Office-based corticosteroid injections as adjuvant therapy for subglottic stenosis

Debbie R. Pan, David E. Rosow

Research output: Contribution to journalArticlepeer-review

4 Scopus citations


Objective: Subglottic stenosis (SGS) is a serious, potentially life-threatening disorder that is difficult to treat due to significant recurrence rates. While conventional treatment of SGS relies heavily on serial endoscopic dilation procedures, this study aims to characterize the efficacy of incorporating subglottic corticosteroid injections in increasing surgery-free intervals (SFIs) for a cohort of patients at a university-based medical system. Study Design: Retrospective chart review. Methods: All SGS patients who underwent endoscopic dilation and at least one adjuvant office-based serial intralesional steroid injection (SILSI) were reviewed. Patients were excluded if they had synchronous airway lesions or stenosis outside of the subglottis. Charts were reviewed for demographic and treatment-specific data. The SFI was calculated for patients both prior to the initiation of SILSI and after. Groups were compared via Mann–Whitney U test, with P <.05 as the threshold for significance. Results: Thirteen patients met criteria, with mean age 50.1 ± 14.1 years and 7:6 female to male ratio. Eight of the thirteen (61.5%) had intubation-related stenosis, while 4/13 were idiopathic and 1/13 was due to Wegener's granulomatosis. Mean follow-up was 20.4 months. Patients underwent an average of 4.2 ± 2.2 postoperative injections, beginning 45.9 ± 19.0 days after surgery. The mean SFI prior to initiating SILSI was 288.6 ± 362.0 days; while after receiving SILSI, the mean interval was significantly longer (545.5 ± 152.7 days, P =.0041). Conclusions: We demonstrate that office-based corticosteroid injection for SGS was associated with a statistically significant improvement in the SFI and is a promising adjuvant approach. Future prospective studies should evaluate if the efficacy is reproducible on a large scale and if SILSI can and/or should be incorporated into the standard management paradigm for SGS treatment. Level of Evidence: 4.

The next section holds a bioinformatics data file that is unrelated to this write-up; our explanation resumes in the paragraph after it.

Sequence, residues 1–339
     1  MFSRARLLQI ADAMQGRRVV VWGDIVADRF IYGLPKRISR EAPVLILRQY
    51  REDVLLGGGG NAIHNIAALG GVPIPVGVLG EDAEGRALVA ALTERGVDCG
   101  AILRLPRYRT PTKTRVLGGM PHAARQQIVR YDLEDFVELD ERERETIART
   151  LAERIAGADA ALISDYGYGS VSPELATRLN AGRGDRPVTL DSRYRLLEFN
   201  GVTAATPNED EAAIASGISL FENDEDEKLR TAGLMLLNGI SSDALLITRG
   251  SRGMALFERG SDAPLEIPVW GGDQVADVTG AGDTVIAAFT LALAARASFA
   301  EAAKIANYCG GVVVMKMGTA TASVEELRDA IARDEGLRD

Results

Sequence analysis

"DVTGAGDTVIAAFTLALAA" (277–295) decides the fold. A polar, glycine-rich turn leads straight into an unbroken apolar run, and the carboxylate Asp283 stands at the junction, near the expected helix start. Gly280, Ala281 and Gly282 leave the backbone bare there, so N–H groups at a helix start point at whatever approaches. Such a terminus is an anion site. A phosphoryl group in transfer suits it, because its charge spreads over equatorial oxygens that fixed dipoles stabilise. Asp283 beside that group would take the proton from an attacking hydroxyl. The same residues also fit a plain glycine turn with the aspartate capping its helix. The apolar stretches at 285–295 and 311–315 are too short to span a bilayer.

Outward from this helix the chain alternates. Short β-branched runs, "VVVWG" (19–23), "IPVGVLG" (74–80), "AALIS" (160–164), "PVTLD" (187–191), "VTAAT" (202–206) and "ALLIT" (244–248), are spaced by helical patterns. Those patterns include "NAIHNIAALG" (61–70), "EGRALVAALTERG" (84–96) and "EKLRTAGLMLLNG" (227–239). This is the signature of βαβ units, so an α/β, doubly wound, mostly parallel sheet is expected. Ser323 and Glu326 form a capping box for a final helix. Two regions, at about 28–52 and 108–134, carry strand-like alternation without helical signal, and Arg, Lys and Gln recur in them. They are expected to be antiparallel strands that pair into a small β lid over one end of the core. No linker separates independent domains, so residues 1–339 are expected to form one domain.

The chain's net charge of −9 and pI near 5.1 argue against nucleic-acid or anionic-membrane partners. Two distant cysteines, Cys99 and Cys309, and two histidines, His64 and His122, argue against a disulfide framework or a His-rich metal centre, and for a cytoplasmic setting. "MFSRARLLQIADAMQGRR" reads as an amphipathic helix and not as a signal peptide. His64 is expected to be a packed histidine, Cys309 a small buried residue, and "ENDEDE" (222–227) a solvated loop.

Original languageEnglish (US)
Pages (from-to)414-419
Number of pages6
JournalLaryngoscope investigative otolaryngology
Issue number4
StatePublished - 2019
Externally publishedYes


  • corticosteroid injections
  • office surgery
  • outcomes
  • Subglottic stenosis

ASJC Scopus subject areas

  • Surgery
  • Otorhinolaryngology


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